In the first three weeks of February, 469 LF tests in higher education in England were positive. If we run the Scottish falsies rate across in the absence of other intel, that suggests that 134 of those students (or staff) have been self-isolating for no reason.

But running the Scottish “28.5% of positives end up negatives” rate may not be helpful as community prevalence falls.

To put this another way, DHSC says Innova LF tests have an overall FP rate of 0.3%. In the first three weeks of February, the positive rate in HE was 0.32%. In other words it’s now entirely possible that almost every single positive we found in English HE in those weeks in February were false positives.

And so as we ramp up “practical” student return on March 8th, we’ll likely be arm twisting students to take part, and in doing so will end up putting thousands of students (and staff) in isolation for no reason for 10 days – many over Easter. And there’s very little evidence that this is making any difference.

Given the vast costs (in cash, space, time and other capacity) to government and universities, and the risk both of false negatives (which encourage risk taking) and false positives (which generate unnecessary isolation), can someone remind me why on earth this exercise is still running as it is in universities – other than to serve a type of theatre?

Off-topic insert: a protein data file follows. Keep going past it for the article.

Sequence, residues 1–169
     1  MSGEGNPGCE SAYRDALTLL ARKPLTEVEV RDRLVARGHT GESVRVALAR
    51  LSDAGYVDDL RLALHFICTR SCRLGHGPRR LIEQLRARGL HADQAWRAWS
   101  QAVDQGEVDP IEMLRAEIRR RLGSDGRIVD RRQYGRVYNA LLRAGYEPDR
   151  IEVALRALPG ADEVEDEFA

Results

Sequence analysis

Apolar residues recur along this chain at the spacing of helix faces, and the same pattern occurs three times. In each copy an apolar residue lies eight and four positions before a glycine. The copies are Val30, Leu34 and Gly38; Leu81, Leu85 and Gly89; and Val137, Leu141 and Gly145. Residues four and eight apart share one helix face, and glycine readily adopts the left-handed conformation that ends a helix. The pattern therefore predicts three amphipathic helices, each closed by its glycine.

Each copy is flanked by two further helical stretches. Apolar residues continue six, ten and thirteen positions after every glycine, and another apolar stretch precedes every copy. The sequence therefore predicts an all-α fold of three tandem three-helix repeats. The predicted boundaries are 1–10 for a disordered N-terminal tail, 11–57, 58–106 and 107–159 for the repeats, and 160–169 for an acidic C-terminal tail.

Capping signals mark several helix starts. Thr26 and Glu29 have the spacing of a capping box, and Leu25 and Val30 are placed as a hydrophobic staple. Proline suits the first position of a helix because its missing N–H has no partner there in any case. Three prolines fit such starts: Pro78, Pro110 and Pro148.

2 responses to “Is on-campus Covid testing a type of theatre?

  1. The headlong race to bring students back onto campus is on, with the existing stable plans for doing so in April being urgently superseded. That the managements have chosen to pick and chose which parts of the guidance they wish those actually on campus, unlike themselves, to follow comes as no surprise.

    If we take Michelle Donelan’s latter of the 25th Feb, along with the very public statement by Matt Hancock on the 26th Feb, on the subject of the arts, it seems ‘Bums on Seats’ outweighs the Health of both staff and students.

    One department I know of has sent e-mails to every undergrad telling them they should return on the 8th of March, including first and second years, not just those close to finishing needing lab time, who are now panicking as many are still at home. Especially over the ‘you should not go home for Easter’ part, for 1 hour of F2F lectures per week for 2 weeks (1 week if two clear Covid tests requirement is upheld) and have been e-mailing their tutors in distress. Those tutors hadn’t been informed by their department that their tutee’s were being told to return, it’s a classic fuster cluck in the making, with much potential for claims for mental distress and illness as a result.

    Students would do well to stay at home and not attend in person for the sake of 2 hours of F2F lectures that they can watch on-line before Easter and return after on the 12th of April, if the reopening of schools and FE etc hasn’t driven the R through the roof again…